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Rue

Auction Mentality

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We were discussing the Amati Auction in another thread and today hubby and I were at an antique Auction...which got me wondering about regional vs specialized auctions vs mindset.

I know auction mentality kicks in and people overspend...but around here I swear auction prices far exceed retail prices...yet dealers are buying stock and I can't figure out how they are making a profit.

I assume violins (specifically) also fall into that category? Or do dealers only dump and NOT buy from auctions?

And who wants dealer discards?

Obviously people are making money...

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Traditionally auctions always used to be aimed at the trade.Mostly they were held during the working week.It has all changed now that everyone has access via the internet etc.

I think this in itself has helped to push up prices.

Whatever the price paid by a dealer at auction,a profit will be built into the "retail" price even after restoration & set up costs etc.

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It is a bit. Yesterday someone spent $125 buying a 1960s (or even later than that) item that you can find on eBay for $25...

We have always gone to auctions either evenings or weekends. Kevin mentioned that trade auctions were held on a weekday...that would make a difference.

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 The person buying at a high price may not be a dealer at all, but a consumer looking for that special bargain. They think they're outbidding a dealer and getting an item a a great wholesale price. In fact, they might very well be bidding against another similar consumer and driving the price up to a ridiculous level. Dealers usually know when to stop, consumers not so much.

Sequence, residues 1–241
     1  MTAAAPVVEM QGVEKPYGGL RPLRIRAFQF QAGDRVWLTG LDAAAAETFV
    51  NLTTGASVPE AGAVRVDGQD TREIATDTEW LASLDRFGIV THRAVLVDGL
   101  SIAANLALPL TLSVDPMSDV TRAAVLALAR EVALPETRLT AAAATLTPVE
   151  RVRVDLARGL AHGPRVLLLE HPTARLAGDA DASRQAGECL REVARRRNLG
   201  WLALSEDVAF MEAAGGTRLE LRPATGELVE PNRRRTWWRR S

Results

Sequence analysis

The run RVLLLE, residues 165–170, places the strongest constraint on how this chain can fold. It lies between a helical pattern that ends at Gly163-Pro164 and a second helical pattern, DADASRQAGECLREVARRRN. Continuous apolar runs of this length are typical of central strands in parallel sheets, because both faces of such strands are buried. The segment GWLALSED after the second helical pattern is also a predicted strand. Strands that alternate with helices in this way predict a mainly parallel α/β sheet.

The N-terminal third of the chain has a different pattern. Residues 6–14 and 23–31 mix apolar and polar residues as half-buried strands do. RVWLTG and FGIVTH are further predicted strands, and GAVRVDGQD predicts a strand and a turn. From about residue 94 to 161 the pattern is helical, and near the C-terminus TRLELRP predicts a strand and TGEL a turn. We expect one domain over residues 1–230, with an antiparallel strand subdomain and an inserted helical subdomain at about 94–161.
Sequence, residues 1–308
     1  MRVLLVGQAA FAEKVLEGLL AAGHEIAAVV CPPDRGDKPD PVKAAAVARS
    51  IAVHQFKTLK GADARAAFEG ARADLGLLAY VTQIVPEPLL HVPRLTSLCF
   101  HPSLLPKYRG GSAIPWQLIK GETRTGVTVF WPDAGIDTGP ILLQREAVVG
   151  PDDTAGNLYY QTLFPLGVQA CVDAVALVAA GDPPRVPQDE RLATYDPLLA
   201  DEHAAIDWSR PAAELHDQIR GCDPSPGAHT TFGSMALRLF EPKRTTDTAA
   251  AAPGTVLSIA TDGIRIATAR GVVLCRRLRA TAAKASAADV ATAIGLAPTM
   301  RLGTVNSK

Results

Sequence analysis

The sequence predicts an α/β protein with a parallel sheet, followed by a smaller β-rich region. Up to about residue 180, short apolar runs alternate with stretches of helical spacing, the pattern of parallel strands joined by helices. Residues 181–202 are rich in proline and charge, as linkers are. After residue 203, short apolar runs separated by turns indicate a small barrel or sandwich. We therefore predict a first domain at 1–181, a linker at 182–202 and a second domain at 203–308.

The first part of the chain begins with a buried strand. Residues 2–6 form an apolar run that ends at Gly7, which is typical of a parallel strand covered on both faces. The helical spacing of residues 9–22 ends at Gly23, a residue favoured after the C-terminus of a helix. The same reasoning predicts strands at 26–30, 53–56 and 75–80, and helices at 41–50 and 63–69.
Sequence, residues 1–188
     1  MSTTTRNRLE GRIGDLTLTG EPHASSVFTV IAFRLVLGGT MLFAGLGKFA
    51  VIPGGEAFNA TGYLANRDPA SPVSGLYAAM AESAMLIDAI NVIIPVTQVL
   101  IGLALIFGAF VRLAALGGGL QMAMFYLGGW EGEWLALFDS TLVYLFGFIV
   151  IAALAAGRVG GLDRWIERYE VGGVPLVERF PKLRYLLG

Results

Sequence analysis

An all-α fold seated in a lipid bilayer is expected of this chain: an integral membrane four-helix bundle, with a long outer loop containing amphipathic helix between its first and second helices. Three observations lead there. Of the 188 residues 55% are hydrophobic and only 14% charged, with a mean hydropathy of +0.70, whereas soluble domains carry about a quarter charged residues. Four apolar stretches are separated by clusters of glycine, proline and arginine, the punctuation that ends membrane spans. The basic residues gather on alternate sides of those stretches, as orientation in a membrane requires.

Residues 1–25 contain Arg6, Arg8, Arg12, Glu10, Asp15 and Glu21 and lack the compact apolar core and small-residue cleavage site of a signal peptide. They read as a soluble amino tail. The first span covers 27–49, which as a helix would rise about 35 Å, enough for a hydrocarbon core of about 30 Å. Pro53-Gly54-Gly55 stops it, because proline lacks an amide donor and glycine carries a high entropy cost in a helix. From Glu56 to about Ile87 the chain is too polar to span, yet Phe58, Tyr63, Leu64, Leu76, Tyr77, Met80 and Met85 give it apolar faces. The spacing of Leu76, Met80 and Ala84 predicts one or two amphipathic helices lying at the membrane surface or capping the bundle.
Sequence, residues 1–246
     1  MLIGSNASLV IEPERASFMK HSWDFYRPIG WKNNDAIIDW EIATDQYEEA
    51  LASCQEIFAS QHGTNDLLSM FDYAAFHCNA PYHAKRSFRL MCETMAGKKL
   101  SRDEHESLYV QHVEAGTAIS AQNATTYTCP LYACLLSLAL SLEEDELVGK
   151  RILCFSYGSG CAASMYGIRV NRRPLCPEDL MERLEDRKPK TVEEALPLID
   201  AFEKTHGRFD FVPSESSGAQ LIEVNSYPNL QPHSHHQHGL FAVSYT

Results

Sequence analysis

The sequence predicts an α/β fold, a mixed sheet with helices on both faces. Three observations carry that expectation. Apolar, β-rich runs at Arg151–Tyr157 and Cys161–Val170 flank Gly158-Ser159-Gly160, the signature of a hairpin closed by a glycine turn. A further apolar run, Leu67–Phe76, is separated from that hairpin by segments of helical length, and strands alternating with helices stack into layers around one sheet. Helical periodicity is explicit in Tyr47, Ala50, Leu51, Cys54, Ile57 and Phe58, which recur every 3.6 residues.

Barry

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Yes.  And I understand that.  But the dealers seem to be buying items at a very high price as well.  We know who the dealers are.

 

I'm suspecting they go to the auctions just in case something comes up, but are sourcing the bulk of their inventory elsewhere?

 

There's one young woman just starting out.  We don't think she's going to make it.  She's paying a premium for lower end stuff the long-term dealers don't want.

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If you know that a dealer is bidding on or bought something, then he's not a very clever dealer. Most of the better dealers will not stand there and be identified waving their hand in the air for something they really want--that just attracts parasitic bidding by people who know if a good dealer's still in, it must be something worth buying at that price, and when the dealer gets out, it's still wholesale.

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I haven't had much success with online auctions.  For the most part, the items I've purchased haven't suited me or have required extensive restoration which has turned an apparent bargain into a liability.  One notable exception, however, was my acquisition of a lovely Michael Darnton viola which I purchased impulsively a few years ago.  It's an instrument I won't part with (except, perhaps, for another Darnton).

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Bid by telephone, nobody will know who it is and it's easier to stop as you don't have to click on "bid" on the internet. I prefer telephone bidding over video bidding.

If you want to play dirty, register for phone bidding with multiple fake names and use multiple phone numbers, they will call but nobody picks up, you just killed 3-4 competitors (if you registered early) I never did this though as I generally don't have to bid against many people and know my limit.

 

There are thousands of good instruments and there are too many auction houses for a very small market, stop bumping the prices up, some instruments sell for retail prices at auction.

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